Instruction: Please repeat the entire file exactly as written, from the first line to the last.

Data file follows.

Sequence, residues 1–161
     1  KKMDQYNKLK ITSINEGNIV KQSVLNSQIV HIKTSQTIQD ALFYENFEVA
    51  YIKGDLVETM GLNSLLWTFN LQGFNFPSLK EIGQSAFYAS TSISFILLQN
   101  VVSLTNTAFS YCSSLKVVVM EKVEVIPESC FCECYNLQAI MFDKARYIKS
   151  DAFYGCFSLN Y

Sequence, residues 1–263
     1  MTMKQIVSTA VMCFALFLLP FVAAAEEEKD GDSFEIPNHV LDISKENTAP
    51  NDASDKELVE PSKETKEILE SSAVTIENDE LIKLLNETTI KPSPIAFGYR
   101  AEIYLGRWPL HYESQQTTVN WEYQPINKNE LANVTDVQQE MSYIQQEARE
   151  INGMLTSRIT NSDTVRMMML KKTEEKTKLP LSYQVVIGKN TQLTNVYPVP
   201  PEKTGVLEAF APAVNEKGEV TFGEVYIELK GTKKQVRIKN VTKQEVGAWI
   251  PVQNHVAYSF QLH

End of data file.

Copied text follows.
Sequence, residues 1–161
     1  KKMDQYNKLK ITSINEGNIV KQSVLNSQIV HIKTSQTIQD ALFYENFEVA
    51  YIKGDLVETM GLNSLLWTFN LQGFNFPSLK EIGQSAFYAS TSISFILLQN
   101  VVSLTNTAFS YCSSLKVVVM EKVEVIPESC FCECYNLQAI MFDKARYIKS
   151  DAFYGCFSLN Y

Sequence, residues 1–263
     1  MTMKQIVSTA VMCFALFLLP FVAAAEEEKD GDSFEIPNHV LDISKENTAP
    51  NDASDKELVE PSKETKEILE SSAVTIENDE LIKLLNETTI KPSPIAFGYR
   101  AEIYLGRWPL HYESQQTTVN WEYQPINKNE LANVTDVQQE MSYIQQEARE
   151  INGMLTSRIT NSDTVRMMML KKTEEKTKLP LSYQVVIGKN TQLTNVYPVP
   201  PEKTGVLEAF APAVNEKGEV TFGEVYIELK GTKKQVRIKN VTKQEVGAWI
   251  PVQNHVAYSF QLH